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As we reported yesterday, biodiversity is declining at a precipitous rate, according to a new report by scientists from across the globe produced for the United Nations. In an effort to save one of the most iconic species on the planet — the African giraffe — the Fish and Wildlife Service at the Department of Interior is considering listing them on the nation’s endangered species list, which would mean restrictions on their importation into the United States and would also make available small amounts of federal funding for giraffe conservation efforts. As a case study of the greater problem, the giraffe’s plight is telling. Numerous U.S. environmental groups, including The Center for Biological Diversity, Natural Resources Defense Council, Humane Society of the United States/Humane Society International and International Fund for Animal Welfare, petitioned the Trump Administration for the listing, and it has taken two years for the Administration to near a decision, meanwhile giraffes grow closer to extinction.
How much could the US endangered species listing help? A good deal. According to the groups’ petition, U.S. trade in giraffes is significant — between 2006 and 2015, 39,516 giraffe specimens, including dead and live animals, as well as their parts or derivatives, were imported into the United States, including 21,402 bone carvings, 3,008 skin pieces, and 3,744 hunting trophies.
Why This Matters: Human activity is causing a biodiversity loss crisis of massive proportions — and we need to turn the tide because our very existence depends on it. The plight of the giraffe is tragic, but as a symbol of the overall problem, it can play an important role in raising public awareness. Not to mention, that we here in the U.S. are a big part of the problem by fueling trade in this beautiful animal. So listing the giraffe as an endangered species in the U.S. is both a significant symbolic gesture to educate the public and important to demonstrate the U.S. as being a responsible steward of the planet.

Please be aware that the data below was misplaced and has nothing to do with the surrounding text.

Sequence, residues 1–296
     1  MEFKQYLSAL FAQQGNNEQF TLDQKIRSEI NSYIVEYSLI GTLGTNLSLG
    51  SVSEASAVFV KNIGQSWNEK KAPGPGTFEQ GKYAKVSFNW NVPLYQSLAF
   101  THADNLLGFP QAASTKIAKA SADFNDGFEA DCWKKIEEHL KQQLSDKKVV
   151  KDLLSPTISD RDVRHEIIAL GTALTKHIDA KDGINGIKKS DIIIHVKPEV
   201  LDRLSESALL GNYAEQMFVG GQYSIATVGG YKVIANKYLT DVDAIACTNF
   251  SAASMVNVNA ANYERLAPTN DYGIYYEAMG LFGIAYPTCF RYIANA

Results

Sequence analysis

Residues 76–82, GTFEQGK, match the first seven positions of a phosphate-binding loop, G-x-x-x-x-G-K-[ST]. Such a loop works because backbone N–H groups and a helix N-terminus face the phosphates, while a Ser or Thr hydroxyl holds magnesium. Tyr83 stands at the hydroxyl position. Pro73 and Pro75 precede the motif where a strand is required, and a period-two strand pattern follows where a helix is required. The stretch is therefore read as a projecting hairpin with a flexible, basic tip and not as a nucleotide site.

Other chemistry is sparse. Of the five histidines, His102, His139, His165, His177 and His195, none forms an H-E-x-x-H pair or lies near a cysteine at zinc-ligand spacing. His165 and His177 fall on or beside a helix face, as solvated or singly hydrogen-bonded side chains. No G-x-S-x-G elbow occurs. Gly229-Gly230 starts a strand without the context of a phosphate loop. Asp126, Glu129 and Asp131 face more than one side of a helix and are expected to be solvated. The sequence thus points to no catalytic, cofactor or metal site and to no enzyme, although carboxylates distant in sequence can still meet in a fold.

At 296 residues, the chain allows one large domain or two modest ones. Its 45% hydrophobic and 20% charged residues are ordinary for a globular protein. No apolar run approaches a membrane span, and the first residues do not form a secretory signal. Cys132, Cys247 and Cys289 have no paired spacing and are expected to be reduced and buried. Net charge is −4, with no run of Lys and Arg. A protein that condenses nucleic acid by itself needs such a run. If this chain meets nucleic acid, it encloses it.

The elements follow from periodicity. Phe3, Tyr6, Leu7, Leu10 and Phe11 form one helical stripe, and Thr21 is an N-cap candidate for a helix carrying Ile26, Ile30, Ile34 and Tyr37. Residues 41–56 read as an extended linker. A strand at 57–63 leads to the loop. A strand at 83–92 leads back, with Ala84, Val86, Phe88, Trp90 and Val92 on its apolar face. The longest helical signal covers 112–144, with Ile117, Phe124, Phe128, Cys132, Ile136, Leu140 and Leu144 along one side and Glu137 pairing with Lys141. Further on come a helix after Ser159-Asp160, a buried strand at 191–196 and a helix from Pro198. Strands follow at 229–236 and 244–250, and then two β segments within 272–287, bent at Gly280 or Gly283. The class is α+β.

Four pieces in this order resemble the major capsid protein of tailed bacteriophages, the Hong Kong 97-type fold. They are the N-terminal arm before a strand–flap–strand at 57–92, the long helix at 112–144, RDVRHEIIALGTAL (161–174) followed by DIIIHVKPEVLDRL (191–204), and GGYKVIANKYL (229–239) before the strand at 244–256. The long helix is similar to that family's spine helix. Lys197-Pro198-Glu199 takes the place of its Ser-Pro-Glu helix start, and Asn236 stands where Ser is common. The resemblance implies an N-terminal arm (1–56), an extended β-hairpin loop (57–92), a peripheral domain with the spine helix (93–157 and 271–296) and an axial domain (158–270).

By Patrick Ramage, Director – Marine Conservation, International Fund for Animal Welfare This World Whale Day, as whale-huggers and marine conservationists from Maui to Monterey, Monaco to Mombasa measure recent progress, there is much to celebrate. As we assess prospects for actually “saving the whales” in the 21st century, there is also much cause for […]
While many of us have probably read about Pablo Escobar’s hippos that escaped his zoo, it’s been unclear to biologists what sort of impact the hippos have had on Colombian ecosystems. There are currently 80-100 animals in the Magdalena River and researchers estimate that in 20-40 years there could be thousands. As NatGeo explained, for […]
Wildlife and environmental groups scored a legal victory last week when the Trump Administration admitted in court filings that it had disbanded the Interior Department’s International Wildlife Conservation Council, an advisory committee of hunting advocates charged with promoting the “benefits of international hunting,” when the advisory committee’s charter of the expired in December of last year. It was the influence of panels like this one that led to the President reversing himself to allow big game trophies to be imported into the U.S. the agency after initially supporting the Obama Administration’s moratorium on bringing tusks and other elephant parts back home.